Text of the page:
Tribal citizens in Michigan’s governance and policy making

Pictured: Michigan State Capitol.Photo: Andrew Martin, CC BY 3.0 [creativecommons.org-licenses-by-3.0])

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Anishinaabek Caucus of the Michigan Democratic Party reviews its first year

News Release

Anishinaabek Caucus of the Michigan Democratic Party

2019 was a year of growing strength of Indigenous voices in Michigan State governance. Our voices have always been strong and true, now that strength is being recognized beyond our tribes and allies. The Anishinaabek Caucus, as part of our one-year review, appreciates the work of many.

For the first time, the 12 tribes of Michigan were invited and opened the Governor’s Inauguration. Andrea Pierce, Chair of the soon to be Anishinaabek Caucus, carried in the tribal flag for Little Traverse Bay Bands of Odawa Indians.

In 2019 Governor Whitmer appointed Tribal Citizens to State Boards and Agencies. This list in not exhaustive, but it is representative of the strength of Indigenous voices.

  • Wenona Singel, Little Traverse Bay Bands of Odawa Indians, deputy legal counsel to the Office of the Governor. Singel is the first American Indian to hold this position in Michigan.
  • Raeanne Madison – Minnesota Chippewa Tribe, Bois Forte Band /Ojibwa, Mexican, Early Childhood Investment Corporation
  • Darryl Brown – Sault Ste Marie Tribe of Chippewa Indians, Arts and Cultural Affairs
  • Frank Ettawageshik – Little Traverse Bay Bands of Odawa Indians, Water Use Advisory Council
  • Michael Larson – UP Energy Task Force
  • Warren “Chris” Schwartz – Keweenaw Bay Indian Community, UP Energy Task Force
  • James Paquette – Iron Industry Museum Advisory Board
  • Victoria Leonhardt – Iron Industry Museum Advisory Board
  • Emily Proctor – Little Traverse Bay Bands of Odawa Indians, Census
  • John Graham – Michigan Community Service Commission
  • Patricia Sterling – Sault Ste. Marie Tribe of Chippewa Indians , Statewide Independent Living Council
  • Brigette LaPointe – Bay Mills Indian Community, Governor’s Council on Physical Fitness
  • Juliette Roddy – Sault Ste. Marie Tribe of Chippewa Indians., Correctional Officers Training Council
  • Stephen Franko – Commission on Services to the Aging
  • Theresa Thompson – Commission on Community Action and Economic Opportunity
  • Dana Lasenby – Autism Council
  • Whitney Gravelle – Bay Mills Indian Community , Michigan Women's Council
  • Evelyn H. Ravindran – Keweenaw Bay Indian Community , Michigan's Mining Future Committee
  • Melissa Lopez Pope – Nottawaseppi Huron Band of the Potawatomi, Michigan Domestic and Sexual Violence Prevention & Treatment Board
  • John Petoskey – Grand Traverse Band of Ottawa and Chippewa Indians , Environmental Justice Advisory Council
  • Bryan Newland – Bay Mills Indian Community ,Environmental Justice Advisory Council

In 2019 the Anishinaabek Caucus brought the Indigenous perspective to the Michigan Democratic Party for the first time. The Anishinaabek Caucus wrote a Resolution condemning the use of the term “Redsk*ins” to reference Native American People as mascots. “Sports team names, such as ‘Redskins’ in our Michigan schools undermines the educational experience of all children. Michigan Indigenous children deserve to receive an education in an environment free from this dictionary defined slur,” says Julie Dye, Pokagon Band of Potawatomi, Anishinaabek Caucus Secretary.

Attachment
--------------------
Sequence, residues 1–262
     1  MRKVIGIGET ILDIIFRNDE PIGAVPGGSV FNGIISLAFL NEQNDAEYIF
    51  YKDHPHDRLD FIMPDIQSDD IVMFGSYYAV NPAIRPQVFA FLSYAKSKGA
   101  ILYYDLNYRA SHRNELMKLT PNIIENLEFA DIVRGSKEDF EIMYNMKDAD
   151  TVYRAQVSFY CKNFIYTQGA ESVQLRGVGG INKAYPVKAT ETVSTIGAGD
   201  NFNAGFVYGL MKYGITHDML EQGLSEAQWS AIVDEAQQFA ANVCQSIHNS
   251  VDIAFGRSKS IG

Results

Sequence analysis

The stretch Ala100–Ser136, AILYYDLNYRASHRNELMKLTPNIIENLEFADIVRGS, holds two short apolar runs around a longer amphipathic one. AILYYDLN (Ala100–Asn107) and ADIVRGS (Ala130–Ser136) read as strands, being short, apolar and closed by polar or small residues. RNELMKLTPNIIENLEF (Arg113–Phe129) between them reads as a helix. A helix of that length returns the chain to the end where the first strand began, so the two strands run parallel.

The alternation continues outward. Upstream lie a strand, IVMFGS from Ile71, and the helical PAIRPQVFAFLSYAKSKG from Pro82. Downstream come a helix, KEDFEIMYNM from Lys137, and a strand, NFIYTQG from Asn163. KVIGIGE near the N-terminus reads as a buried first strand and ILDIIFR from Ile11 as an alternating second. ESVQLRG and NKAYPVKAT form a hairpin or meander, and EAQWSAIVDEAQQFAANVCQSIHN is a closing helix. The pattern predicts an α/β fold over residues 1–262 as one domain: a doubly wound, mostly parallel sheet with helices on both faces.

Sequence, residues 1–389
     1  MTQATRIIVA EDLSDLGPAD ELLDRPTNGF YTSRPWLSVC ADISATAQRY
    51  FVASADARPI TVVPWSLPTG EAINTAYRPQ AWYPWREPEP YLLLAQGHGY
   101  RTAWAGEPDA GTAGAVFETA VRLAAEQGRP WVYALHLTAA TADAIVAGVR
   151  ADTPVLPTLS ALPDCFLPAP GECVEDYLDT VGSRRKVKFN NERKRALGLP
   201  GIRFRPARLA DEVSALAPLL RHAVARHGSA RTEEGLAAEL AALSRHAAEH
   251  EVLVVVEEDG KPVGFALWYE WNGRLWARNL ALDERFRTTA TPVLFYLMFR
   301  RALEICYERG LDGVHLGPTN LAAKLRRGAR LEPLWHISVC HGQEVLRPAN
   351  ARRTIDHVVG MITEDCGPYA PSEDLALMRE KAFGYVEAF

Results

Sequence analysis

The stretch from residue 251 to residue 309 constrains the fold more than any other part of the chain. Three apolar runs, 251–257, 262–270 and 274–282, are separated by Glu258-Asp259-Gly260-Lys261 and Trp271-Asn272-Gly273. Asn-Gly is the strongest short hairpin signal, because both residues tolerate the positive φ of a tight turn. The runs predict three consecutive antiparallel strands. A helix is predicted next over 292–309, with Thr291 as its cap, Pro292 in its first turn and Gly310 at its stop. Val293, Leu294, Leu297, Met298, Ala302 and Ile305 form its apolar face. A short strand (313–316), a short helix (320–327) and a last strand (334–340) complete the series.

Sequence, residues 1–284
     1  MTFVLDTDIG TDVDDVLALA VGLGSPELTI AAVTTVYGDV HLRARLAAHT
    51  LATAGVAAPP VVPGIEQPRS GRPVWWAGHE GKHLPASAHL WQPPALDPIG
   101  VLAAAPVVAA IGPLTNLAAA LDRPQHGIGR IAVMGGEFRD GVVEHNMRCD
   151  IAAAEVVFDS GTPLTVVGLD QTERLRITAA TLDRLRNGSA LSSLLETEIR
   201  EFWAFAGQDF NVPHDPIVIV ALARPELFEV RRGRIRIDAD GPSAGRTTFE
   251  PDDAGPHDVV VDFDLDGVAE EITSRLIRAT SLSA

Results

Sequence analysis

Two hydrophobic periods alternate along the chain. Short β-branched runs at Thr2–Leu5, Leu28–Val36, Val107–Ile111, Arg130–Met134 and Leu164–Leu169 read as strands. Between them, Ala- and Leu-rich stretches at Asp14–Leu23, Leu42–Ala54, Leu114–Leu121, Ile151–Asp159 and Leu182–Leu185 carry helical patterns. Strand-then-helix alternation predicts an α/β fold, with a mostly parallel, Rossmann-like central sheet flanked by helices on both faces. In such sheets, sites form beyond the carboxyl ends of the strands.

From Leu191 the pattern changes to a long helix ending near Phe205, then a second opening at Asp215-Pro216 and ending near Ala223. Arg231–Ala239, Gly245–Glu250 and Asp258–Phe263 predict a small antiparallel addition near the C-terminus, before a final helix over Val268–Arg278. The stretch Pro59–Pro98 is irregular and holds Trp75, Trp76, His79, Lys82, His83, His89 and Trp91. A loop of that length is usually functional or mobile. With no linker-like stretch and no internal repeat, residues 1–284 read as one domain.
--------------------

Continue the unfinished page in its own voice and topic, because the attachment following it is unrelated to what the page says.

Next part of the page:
In 2019 the Anishinaabek Caucus wrote a Position Statement to decommission Enbridge’s Line-5. It was submitted to both Governor Whitmer, Attorney General Nessel, and recently to the Congressional Senate Committee on Energy and Public Works.

In 2019 the Anishinaabek Caucus spoke at the House Press Conference introducing House bills, 5290, 5291, 5292. This set of bills do three things: puts ground water into the Public Trust; closes the small bottle export loophole; restores to the Department of Natural Resources a power to enforce the law. Andrea Pierce, Anishinaabek Caucus Chair, reminds us, “Michigan Environmental Quality ignored 80,000 public comments in 2018 and granted Nestle the right to steal our water. Good legislation will give us the legal tools protect water in Michigan.”

Center for Michigan hosted Water Forums across the state in 2019, the Anishinaabek Caucus participated in a panel in Lansing. The featured topic was Enbridge’s Line-5.

Board Members Andrea Pierce, Julie Dye, and Thomas Stephens had a part in the following events: Pipe-Up and Paddle-Out at the Straits of Mackinac; Peace in the Streets Rally in Detroit; CNN presidential debate in Detroit; Four Directions and Nevada Tribal Nations American Presidential Forum in Las Vegas; Native Council of the Democratic National Committee in D.C..

The Anishinaabek Caucus looks forward to 2020 expanding membership in all Michigan Counties and turning up the volume of Indigenous voices.

Anishinaabek Caucus of Michigan Democratic Party is a political caucus of the Michigan Democratic Party advocating for the issues and concerns of the 12 Tribes in Michigan. 

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(Image: Anishinaabek Caucus of the Michigan Democratic Party)
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